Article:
Methylation of RNA at N6-methyladenosine (m6A) has been identified in humans, viruses and mice and has been linked to several diseases.
m6A plays an important role in pluripotency and differentiation and has therefore been associated with cancer development; it can promote the translation of several oncogenes.
Malignant adenosine-to-inosine RNA editing controls the self-renewal of cancer stem cells (CSCs), and raises the possibility that targeting this pathway may provide a new strategy for eliminating CSCs.
RNA splicing disruption promotes generation of aberrant splice isoforms in pre-malignant and malignant haematopoietic disorders and is a key therapeutic vulnerability in a growing number of human malignancies.
Therapeutic splicing modulation has the potential to target bulk tumour cells as well as self-renewing CSCs that contribute to disease progression and relapse.
Cancer stem cells (CSCs) can regenerate all facets of a tumour as a result of their stem cell-like capacity to self-renew, survive and become dormant in protective microenvironments. CSCs evolve during tumour progression in a manner that conforms to Charles Darwin's principle of natural selection. Although somatic DNA mutations and epigenetic alterations promote evolution, post-transcriptional RNA modifications together with RNA binding protein activity (the 'epitranscriptome') might also contribute to clonal evolution through dynamic determination of RNA function and gene expression diversity in response to environmental stimuli. Deregulation of these epitranscriptomic events contributes to CSC generation and maintenance, which governs cancer progression and drug resistance. In this Review, we discuss the role of malignant RNA processing in CSC generation and maintenance, including mechanisms of RNA methylation, RNA editing and RNA splicing, and the functional consequences of their aberrant regulation in human malignancies. Finally, we highlight the potential of these events as novel CSC biomarkers as well as therapeutic targets.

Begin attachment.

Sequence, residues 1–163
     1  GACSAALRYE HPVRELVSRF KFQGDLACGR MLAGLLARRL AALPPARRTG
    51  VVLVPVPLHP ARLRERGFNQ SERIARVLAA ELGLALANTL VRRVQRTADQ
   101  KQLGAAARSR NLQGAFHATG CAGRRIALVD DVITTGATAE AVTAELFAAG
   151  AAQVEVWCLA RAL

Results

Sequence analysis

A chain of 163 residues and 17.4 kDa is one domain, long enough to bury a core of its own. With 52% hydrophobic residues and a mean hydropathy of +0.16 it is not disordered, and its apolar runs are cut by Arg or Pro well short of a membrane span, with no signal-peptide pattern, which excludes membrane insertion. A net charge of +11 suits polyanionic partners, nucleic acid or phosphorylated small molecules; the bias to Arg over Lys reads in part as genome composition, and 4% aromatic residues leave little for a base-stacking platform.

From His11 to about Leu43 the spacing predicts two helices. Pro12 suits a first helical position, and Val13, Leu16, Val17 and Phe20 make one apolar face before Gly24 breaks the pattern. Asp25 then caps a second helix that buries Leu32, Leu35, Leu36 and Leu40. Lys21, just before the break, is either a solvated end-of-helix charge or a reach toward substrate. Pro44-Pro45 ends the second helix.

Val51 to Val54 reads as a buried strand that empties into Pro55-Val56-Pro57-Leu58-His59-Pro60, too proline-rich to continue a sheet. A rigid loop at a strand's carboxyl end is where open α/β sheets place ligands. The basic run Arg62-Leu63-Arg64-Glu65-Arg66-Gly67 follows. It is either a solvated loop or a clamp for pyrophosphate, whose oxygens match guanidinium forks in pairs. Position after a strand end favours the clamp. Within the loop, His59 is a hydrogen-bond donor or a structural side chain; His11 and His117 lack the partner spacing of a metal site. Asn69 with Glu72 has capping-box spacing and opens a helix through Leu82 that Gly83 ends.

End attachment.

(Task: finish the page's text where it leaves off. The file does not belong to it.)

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The authors acknowledge the inspiration and support of their patients and their professional colleagues. This work was supported by the Moores Foundation, California Institute for Regenerative Medicine (CIRM) grants (RN2-00910-1, DR1-01430 and RS1-00228-1); CIRM Training Grant (TG2-01154); National Institutes of Health (NIH) National Institute of General Medical Sciences grant 5K12GM068524; NIH National Cancer Institute (NCI) grant 2P30CA023100-28; NIH NCI grants R01CA205944, R21CA189705 and R21CA194679; the Leukemia & Lymphoma Society (0754-14); the Sanford Stem Cell Clinical Center; the San Diego Foundation; the Ratner Family Foundation; and the Swedish Childhood Cancer Foundation (Barncancerfonden).
C.H.M.J. receives research funding by sponsored research agreement with GlaxoSmithKline (GSK DPAc001) and a laboratory service agreement with Johnson & Johnson (#15-0230). The other authors declare no competing interests.
- 5′-Untranslated regions
(UTRs). Located upstream of the translation initiation codon, the 5′-UTRs are important for translational regulation of mRNA transcripts.
(Untranslated regions). The 3′-UTRs have an important role in regulation of gene expression by controlling RNA degradation, cellular localization and translation.
- Alu elements